Science opens up: „Beats & Bones“ launches the podcast of the Museum für Naturkunde Berlin
Listen to the beat of science: The Museum für Naturkunde Berlin launches the podcast „Beats & Bones“ on August 23, 2020. The museum opens doors to the collection and research laboratories that are otherwise closed. Experts talk about everything from bees to Tyrannosaurus rex from the realm of nature.
Who knows that our earliest ancestors were jawless fish 480 million years old? What is the Achilles heel of Tyrannosaurus rex? In the podcast „Beats & Bones“, which is being produced as part of the cooperation with the Berliner Sparkasse, nature experts from the Museum für Naturkunde Berlin will give an exclusive look behind the scenes: in collection halls with 30 million objects and in ultra-modern research laboratories. They answer questions about the diversity of nature, evolution, the formation of the earth, climate change and insect extinction.
„Nature to hear and a science that opens up: With ‚Beats & Bones‘ we show that nature is the purest crime thriller and that sex is more exciting in ferns than in any bedroom,“ says Johannes Vogel, General Director. „With the podcast we open our research museum via headphones, 24 hours a day, seven days a week. Science communication can be sexy. And it’s indispensable for leading the discussion on climate change and species extinction. It’s about nothing less than saving the Earth for us humans.“
The podcast „Beats & Bones“ follows the goal that Berliner Sparkasse and the Museum für Naturkunde Berlin have set themselves jointly. „Our cooperation makes you curious about nature. To satisfy this curiosity, listeners can ask their questions via the social media channels of Berliner Sparkasse and the most frequently asked questions are answered in the podcast and on our channels. Because: ‚Knowledge creates insight‘,“ says Kai-Uwe Peter, Managing Director of Berliner Sparkasse. This podcast is produced by the Berlin audio production company Auf die Ohren.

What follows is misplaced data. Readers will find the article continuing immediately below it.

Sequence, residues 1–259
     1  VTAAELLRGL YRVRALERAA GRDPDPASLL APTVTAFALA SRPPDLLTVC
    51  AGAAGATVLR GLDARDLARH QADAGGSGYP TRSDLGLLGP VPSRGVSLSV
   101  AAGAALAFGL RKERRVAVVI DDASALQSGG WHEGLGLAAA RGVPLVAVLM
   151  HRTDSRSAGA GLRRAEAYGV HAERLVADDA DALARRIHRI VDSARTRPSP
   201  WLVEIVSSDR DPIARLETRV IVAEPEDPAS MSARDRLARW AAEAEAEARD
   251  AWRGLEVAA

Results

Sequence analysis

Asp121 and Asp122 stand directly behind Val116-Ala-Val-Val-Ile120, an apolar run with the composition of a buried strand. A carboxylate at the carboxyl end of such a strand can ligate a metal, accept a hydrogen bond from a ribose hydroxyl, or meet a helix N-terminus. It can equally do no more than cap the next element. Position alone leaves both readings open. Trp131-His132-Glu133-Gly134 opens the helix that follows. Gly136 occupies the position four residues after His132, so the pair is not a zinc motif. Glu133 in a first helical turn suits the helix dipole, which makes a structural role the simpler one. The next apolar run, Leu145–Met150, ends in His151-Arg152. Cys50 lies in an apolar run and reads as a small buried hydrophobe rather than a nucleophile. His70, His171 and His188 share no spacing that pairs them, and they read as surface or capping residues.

The first season with ten episodes will appear every 14 days on Sundays. „Beats & Bones“ will be available from 23 August on Spotify, Deezer, iTunes and everywhere else where podcasts are available – even on the museum website.
„For me as the host of the podcast, it’s like getting private lessons from 380 experts from the museum. I can get rid of my questions and knowledge grows in me and a greater awareness of what surrounds us all: Nature in relation to me as a human being. The conversations feel as easy as a day at the lake in Brandenburg“, says Lukas Klaschinski, moderator.
The podcast „Beats & Bones“ complements the museum’s series of events of the same name, which started in January with the farewell weekend of T. rex Tristan Otto. 25,000 people came within three days, the lines were longer than at Berghain. The guests danced exuberantly to deep house beats under the dinosaur skeletons: Beats merged with bones and science with entertainment. On Facebook a visitor wrote: „You bring together science, youth, culture & art. […]. You are going new ways and have understood social media and Berlin. We have experienced so much diversity, respect and tolerance in one place under your roof today, it was unprecedented. There was dancing, laughter and most of all talking. Hats off & more of the same please.“ At the latest after the „Beats & Bones“ party it was clear: Science and danceable Berlin beats go together and both are now available in the museum podcast. There will also be digital events and live guided tours with the experts.